Carbonic anhydrase IX (CAIX), cancer, and radiation responsiveness

Carol Ward*, James Meehan, Mark Gray, Ian H. Kunkler, Simon P. Langdon, David J. Argyle

*Corresponding author for this work

Research output: Contribution to journalReview articlepeer-review

56 Citations (Scopus)
74 Downloads (Pure)


Carbonic anhydrase IX has been under intensive investigation as a therapeutic target in cancer. Studies demonstrate that this enzyme has a key role in pH regulation in cancer cells, allowing these cells to adapt to the adverse conditions of the tumour microenviroment. Novel CAIX inhibitors have shown efficacy in both in vitro and in vivo pre-clinical cancer models, adversely affecting cell viability, tumour formation, migration, invasion, and metastatic growth when used alone. In co-treatments, CAIX inhibitors may enhance the effects of anti-angiogenic drugs or chemotherapy agents. Research suggests that these inhibitors may also increase the response of tumours to radiotherapy. Although many of the anti-tumour effects of CAIX inhibition may be dependent on its role in pH regulation, recent work has shown that CAIX interacts with several of the signalling pathways involved in the cellular response to radiation, suggesting that pH-independent mechanisms may also be an important basis of its role in tumour progression. Here, we discuss these pH-independent interactions in the context of the ability of CAIX to modulate the responsiveness of cancer to radiation.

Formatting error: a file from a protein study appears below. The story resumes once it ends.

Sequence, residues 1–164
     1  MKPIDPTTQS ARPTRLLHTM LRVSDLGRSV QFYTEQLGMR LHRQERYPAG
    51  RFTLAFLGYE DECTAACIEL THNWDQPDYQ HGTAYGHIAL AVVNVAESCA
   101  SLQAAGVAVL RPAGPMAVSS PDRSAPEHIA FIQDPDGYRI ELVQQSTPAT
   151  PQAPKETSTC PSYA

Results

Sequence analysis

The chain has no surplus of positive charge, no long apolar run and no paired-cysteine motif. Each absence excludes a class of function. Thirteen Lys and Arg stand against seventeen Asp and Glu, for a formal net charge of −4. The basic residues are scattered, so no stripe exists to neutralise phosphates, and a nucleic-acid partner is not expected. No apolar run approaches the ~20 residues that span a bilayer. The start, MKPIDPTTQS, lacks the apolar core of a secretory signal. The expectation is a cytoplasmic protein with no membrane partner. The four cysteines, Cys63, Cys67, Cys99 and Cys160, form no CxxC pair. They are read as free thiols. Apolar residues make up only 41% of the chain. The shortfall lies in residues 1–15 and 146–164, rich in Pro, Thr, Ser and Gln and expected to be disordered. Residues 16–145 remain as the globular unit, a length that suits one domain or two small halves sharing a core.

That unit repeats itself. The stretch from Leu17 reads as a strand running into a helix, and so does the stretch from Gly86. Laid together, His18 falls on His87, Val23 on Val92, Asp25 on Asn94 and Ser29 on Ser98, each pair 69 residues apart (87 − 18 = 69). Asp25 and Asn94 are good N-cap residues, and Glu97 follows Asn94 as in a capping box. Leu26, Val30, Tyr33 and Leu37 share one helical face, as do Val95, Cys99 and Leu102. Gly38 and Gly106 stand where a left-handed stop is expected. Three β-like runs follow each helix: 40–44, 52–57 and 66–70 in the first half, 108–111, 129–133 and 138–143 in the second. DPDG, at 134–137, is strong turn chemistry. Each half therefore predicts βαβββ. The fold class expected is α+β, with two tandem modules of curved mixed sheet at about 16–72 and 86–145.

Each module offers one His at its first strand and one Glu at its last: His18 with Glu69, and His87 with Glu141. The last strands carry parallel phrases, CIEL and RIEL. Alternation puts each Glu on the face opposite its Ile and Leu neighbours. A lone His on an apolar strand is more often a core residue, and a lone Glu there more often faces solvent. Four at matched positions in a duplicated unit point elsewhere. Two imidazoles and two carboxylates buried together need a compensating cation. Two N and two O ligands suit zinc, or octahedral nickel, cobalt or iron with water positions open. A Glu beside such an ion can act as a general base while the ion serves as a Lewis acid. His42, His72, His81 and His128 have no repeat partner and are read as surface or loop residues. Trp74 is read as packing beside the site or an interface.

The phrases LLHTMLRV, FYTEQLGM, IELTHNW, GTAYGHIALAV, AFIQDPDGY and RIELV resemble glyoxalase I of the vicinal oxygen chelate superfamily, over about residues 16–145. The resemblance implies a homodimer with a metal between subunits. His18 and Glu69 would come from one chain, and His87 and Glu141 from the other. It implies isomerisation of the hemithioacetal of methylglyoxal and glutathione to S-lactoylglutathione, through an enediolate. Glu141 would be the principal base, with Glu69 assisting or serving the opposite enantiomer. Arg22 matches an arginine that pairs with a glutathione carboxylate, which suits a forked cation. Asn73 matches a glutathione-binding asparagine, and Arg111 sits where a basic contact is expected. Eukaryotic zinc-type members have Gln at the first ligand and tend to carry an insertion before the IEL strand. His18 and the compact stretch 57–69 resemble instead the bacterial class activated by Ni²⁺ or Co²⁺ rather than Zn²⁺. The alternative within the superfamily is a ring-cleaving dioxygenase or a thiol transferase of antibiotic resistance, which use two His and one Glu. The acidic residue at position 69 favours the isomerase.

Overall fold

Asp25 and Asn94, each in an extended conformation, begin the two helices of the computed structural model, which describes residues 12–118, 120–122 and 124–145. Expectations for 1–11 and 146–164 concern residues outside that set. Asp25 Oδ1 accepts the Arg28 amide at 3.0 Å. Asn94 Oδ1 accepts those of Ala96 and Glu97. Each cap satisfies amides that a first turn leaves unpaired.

Original languageEnglish
Article number13
Issue number1
Publication statusPublished - 10 Feb 2018


  • Cancer
  • Carbonic anhydrase IX
  • Hypoxia
  • Radiation
  • Resistance

ASJC Scopus subject areas

  • Endocrinology, Diabetes and Metabolism
  • Biochemistry
  • Molecular Biology


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